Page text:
The Irish. We’re the loveable rogues of the world. Sure, we’ve given the world James Joyce, U2, Michael Fassbender and Guinness. Get this, though: our achievements run much deeper than the arts.
Here we take a look at Irish people who have quite literally changed the world.
We start our journey with a man who is considered the father of the modern submarine; a man by the name of John Philip Holland. As a young lad he was captivated by Jules Verne’s epic novel 20,000 Leagues Under the Sea, and couldn’t shake his fascination with what lay beneath the mysterious waves.
John was born in 1840 in a little place in County Clare called Liscannor. Opportunities for an engineering virtuoso were thin on the ground in Liscannor, so in 1873 he packed up and joined the rest of his siblings who had moved to America.
He quickly found work in an engineering firm in New York before becoming a teacher in New Jersey. He spent his nights drawing designs by flickering candlelight and slowly but surely his submarine took shape. John approached the US navy with his designs but they were dismissed as “a fantastic scheme of a civilian landsman”. He didn’t let this deter him, and designed better and better versions of his submarine. He built his first fully functional one in Todd & Rafferty’s Shop in New Jersey. The US Navy couldn’t ignore this genius Irishman any longer and in 1900 they bought the submarine designs for $150,000 and so the USS Holland was born – the first submarine of the US Navy fleet.
Next up is a man who was one of the key contributors to the scientific revolution on the 1600s: Robert Boyle. Some consider him the founder of modern chemistry. He discovered a fundamental scientific truth that “At a constant temperature the volume of a confined ideal gas varies inversely with its pressure”, which became known as Boyle’s Law. It led to a much greater understanding of how pressure works and was used in everything from syringes to underwater exploration.
Boyle grew up in Lismore Castle. You can imagine puffs of smoke and sparks shooting out of the castle chimneys from his scientific explorations. He was also a member of a mysterious club known as the ‘Invisible College’ (think League of Extraordinary Gentlemen). His achievements didn’t end with discovering universal truths though; he also invented the pneumatic pump and a perpetual motion machine. Good man Robert!
Next up we have a man that James Bond, fighter pilots, stuntmen and Dick Dasterdly all owe allegiance to: Sir James Martin. For Sir James was the genius who invented the ejector seat. James was born in 1893 in County Down and ironically it was his life’s passion to make things go up.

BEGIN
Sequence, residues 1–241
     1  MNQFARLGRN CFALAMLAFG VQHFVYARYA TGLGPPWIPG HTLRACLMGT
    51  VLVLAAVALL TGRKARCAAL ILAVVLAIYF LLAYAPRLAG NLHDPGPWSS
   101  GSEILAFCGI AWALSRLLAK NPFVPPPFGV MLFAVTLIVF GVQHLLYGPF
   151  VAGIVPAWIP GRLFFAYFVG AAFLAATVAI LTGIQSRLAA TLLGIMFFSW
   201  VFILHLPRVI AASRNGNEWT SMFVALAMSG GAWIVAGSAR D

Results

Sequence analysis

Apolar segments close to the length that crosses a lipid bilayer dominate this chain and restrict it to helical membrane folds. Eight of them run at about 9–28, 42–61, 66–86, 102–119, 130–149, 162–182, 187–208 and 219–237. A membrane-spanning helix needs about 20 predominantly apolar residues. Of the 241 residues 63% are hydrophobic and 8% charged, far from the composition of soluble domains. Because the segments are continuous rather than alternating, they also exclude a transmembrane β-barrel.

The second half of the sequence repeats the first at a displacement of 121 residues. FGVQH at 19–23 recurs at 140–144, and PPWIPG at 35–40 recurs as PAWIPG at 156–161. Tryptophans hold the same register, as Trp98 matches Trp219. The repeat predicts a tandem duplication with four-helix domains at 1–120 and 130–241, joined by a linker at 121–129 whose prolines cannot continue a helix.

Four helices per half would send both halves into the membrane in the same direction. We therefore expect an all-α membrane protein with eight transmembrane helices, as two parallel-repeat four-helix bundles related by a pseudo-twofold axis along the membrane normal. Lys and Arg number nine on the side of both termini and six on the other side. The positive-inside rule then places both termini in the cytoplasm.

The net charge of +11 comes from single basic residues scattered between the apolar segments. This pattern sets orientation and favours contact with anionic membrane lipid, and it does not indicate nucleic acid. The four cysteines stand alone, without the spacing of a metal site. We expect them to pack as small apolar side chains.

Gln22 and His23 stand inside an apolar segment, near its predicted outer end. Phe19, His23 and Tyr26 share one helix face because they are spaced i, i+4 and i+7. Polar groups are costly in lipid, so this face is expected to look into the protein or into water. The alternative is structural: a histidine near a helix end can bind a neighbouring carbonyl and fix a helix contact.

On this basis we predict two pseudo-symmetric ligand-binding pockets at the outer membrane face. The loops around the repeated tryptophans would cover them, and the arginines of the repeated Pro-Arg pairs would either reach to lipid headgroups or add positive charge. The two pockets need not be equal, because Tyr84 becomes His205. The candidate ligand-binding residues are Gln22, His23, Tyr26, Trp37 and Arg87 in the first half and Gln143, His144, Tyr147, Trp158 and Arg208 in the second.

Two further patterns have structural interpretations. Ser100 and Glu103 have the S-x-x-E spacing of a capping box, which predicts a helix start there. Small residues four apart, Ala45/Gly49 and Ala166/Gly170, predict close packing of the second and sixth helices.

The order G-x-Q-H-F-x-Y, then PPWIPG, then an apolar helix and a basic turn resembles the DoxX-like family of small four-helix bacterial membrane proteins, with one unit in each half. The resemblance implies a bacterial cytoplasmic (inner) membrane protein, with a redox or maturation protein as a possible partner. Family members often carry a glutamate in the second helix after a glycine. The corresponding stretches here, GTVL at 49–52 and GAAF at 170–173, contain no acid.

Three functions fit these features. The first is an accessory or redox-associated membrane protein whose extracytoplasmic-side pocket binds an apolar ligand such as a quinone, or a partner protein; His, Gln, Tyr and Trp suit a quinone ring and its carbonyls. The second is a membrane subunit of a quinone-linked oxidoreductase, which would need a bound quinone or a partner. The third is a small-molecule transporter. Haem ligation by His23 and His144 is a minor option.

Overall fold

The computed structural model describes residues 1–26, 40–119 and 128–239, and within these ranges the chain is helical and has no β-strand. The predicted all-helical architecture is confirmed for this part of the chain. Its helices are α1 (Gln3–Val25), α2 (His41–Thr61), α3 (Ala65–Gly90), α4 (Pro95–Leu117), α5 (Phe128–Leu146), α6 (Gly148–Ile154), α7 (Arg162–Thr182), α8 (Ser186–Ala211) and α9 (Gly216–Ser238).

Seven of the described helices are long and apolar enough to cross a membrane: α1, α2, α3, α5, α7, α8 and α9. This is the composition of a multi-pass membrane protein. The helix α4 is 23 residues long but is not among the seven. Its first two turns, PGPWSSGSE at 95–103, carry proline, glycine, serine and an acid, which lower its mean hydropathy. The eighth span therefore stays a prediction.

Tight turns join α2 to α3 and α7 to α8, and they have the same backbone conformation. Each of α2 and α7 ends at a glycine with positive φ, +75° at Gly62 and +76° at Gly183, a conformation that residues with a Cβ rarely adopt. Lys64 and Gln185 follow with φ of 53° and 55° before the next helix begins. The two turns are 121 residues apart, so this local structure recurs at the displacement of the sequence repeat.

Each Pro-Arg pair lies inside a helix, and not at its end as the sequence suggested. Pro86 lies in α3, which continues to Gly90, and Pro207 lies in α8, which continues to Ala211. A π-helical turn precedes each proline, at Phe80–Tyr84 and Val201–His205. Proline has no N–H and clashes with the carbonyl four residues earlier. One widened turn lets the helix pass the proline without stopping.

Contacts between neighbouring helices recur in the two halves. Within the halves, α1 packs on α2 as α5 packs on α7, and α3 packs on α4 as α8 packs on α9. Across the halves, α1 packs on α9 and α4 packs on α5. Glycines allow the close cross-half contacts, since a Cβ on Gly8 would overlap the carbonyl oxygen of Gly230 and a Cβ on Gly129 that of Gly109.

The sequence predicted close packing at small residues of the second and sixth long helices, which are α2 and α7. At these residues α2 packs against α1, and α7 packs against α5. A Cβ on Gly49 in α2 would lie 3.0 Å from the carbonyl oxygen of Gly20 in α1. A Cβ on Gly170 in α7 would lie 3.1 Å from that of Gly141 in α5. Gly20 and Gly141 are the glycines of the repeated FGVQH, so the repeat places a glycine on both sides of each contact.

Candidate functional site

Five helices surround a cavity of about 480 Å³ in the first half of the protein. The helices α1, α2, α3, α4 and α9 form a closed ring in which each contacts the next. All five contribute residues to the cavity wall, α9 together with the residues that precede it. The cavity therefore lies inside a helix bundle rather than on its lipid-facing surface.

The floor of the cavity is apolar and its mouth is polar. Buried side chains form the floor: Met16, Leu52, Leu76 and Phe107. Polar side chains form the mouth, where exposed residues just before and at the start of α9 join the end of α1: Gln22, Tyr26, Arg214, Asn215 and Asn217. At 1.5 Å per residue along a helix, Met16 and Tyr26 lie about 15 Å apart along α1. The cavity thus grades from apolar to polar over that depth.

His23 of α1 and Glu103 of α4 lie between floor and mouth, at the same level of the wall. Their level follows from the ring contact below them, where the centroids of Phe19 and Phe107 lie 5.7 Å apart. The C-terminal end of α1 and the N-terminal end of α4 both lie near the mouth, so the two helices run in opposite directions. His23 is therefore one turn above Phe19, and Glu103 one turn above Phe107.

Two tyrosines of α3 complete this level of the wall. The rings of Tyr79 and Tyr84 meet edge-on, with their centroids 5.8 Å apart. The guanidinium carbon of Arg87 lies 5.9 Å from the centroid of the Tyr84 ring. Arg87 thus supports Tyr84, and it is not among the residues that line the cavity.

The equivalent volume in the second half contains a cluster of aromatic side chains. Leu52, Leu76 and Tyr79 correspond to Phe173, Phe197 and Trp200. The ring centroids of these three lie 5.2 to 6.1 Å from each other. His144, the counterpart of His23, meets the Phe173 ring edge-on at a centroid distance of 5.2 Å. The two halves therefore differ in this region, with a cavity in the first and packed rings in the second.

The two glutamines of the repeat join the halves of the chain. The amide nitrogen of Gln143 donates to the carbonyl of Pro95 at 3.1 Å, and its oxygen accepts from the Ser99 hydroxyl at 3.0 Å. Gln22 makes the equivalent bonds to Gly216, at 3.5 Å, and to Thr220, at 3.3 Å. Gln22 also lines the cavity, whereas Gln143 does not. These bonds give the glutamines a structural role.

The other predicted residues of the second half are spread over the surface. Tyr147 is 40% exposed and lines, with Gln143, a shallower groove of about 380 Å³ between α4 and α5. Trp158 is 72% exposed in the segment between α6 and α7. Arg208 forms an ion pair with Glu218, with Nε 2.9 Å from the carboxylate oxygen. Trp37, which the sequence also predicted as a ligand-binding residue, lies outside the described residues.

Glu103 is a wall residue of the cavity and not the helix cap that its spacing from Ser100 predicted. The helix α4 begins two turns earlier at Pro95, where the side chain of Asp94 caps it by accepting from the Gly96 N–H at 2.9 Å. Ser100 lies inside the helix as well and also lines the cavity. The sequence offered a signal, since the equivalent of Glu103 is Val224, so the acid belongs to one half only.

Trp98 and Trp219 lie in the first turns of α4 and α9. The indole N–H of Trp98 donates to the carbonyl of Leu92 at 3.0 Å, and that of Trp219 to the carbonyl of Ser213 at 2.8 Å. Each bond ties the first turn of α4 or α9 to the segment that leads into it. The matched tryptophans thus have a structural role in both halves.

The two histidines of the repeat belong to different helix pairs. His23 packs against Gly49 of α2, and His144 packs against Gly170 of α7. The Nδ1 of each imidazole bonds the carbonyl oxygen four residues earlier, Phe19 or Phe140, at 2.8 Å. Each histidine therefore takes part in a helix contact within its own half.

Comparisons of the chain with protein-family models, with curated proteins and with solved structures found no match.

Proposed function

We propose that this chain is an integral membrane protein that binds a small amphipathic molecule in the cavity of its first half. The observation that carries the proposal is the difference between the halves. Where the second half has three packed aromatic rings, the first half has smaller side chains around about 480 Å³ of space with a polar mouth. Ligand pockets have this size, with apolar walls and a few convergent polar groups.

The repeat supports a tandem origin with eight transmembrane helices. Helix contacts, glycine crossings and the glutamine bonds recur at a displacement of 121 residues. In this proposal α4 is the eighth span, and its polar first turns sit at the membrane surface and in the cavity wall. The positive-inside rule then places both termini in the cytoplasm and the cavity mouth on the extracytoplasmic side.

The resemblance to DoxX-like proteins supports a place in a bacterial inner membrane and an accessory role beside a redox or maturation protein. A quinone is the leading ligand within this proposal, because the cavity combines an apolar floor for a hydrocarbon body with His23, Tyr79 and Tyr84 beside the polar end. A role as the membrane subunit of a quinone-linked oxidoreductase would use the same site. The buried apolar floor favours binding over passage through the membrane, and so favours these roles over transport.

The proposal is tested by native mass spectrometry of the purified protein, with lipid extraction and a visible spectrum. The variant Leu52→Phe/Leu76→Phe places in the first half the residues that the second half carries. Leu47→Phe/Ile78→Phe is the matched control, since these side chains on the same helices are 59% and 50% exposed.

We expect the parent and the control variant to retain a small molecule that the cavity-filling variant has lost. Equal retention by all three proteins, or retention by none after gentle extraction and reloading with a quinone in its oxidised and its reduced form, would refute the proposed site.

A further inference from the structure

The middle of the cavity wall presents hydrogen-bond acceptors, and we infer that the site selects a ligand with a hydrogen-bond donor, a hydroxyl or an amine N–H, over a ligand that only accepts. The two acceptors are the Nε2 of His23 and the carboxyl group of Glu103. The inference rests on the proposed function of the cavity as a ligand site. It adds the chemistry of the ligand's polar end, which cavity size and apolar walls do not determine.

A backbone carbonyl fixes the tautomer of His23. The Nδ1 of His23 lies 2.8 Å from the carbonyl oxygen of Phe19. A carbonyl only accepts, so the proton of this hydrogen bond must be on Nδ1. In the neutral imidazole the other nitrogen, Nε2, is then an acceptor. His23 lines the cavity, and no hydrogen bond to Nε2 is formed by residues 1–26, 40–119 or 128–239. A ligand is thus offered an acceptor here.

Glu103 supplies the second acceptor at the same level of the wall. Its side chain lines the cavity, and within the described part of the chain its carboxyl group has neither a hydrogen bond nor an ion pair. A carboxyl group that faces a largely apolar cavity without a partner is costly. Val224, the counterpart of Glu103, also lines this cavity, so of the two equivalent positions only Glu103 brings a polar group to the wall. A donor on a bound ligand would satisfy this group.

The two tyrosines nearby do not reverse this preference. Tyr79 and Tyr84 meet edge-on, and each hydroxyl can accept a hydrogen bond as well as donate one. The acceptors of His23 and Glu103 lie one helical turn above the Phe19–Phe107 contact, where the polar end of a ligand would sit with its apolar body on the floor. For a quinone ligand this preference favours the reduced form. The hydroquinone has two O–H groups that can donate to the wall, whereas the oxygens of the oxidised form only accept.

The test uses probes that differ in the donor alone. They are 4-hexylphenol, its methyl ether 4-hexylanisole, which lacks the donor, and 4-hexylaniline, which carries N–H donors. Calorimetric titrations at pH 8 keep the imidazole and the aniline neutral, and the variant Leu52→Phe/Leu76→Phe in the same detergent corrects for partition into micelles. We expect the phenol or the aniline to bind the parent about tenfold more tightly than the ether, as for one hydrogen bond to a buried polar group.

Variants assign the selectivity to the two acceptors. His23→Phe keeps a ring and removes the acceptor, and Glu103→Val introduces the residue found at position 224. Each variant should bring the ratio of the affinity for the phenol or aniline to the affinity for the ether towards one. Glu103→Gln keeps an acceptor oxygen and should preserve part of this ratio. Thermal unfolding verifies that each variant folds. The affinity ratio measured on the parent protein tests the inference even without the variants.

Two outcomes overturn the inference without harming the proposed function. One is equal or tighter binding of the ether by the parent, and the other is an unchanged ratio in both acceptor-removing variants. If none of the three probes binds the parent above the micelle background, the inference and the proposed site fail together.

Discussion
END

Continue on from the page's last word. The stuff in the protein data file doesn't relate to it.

Imagine it now, a world without ejector seats, that’s not a world I want to live in. Just as things look their worst, the plane wing is on fire, enemy rockets are locked on, all seems doomed then BANG! Ejector seat to the rescue. Just another gift the Irish have given the world.
Reinventing the wheel… almost
When we’re not writing award-winning literature, painting the odd masterpiece and selling millions of albums, we love a spot of inventing.
The world has us to thank for colour photography. John Joly from County Offalyfound a successful way of producing
colour photographs from a single plate and changed the way we see the world.
Like chocolate milk? You’re welcome. It’s well-believed by some that Sir Hans Sloane from County Down was lounging in the Caribbean one day munching on some
chocolate and found it a wee bit bitter. So he added milk, and voilà! A taste sensation was born.
Cut your knee? Sudocrem is your only man. For minor burns and nappy rashes, we all turn to the antiseptic healing Sudocrem it. The magical qualities of Sudocrem have been salving hurts since it was invented in Ireland by Dublin pharmacist Thomas Smith in 1931.
It was an Irishman (James Hoban to be exact) who designed the residence of US presidents: The White House.
We coin words too. The term ‘boycotting’ was created in Ireland when a mean old landlord called Captain Charles Cunningham Boycott got ignored by all his tenants and an entire village. He couldn’t buy milk in the shop, get any work done by locals or even get his hair cut. Thus the term ‘Boycotting’ was born.
Not all of our achievements lie in the past either.
Our little island is forging a confident business path into the future. Dublin is known as the Silicon Valley of Europe, due to the amount of IT companies with European Headquarters here, including Microsoft, Google, Amazon, eBay, PayPal, Yahoo, Facebook, Twitter, Pfizer and most recently, HubSpot.
The video below has some very impressive figures, it’s Ireland by the numbers:
We may be the island of saints and scholars, but we also know how to invent the odd world-changing device. So next time you see a colour photo, an ejector seat, a submarine or just a humble pot of Sudocrem, spare a smile for Ireland.